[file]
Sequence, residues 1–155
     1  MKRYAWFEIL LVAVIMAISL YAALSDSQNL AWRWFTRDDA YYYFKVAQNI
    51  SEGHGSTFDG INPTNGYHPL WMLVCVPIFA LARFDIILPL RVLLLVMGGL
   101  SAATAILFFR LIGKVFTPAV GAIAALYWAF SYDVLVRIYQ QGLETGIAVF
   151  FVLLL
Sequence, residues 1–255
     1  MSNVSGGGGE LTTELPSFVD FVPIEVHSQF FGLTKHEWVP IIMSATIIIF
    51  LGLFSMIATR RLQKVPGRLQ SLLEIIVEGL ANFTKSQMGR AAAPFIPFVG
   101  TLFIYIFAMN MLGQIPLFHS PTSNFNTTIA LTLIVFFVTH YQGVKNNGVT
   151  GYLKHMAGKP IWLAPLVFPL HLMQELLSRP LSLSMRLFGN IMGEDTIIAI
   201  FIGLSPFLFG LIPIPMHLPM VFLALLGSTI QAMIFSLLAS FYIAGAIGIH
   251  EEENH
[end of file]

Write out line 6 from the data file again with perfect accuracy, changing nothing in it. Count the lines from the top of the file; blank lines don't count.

Sequence, residues 1–255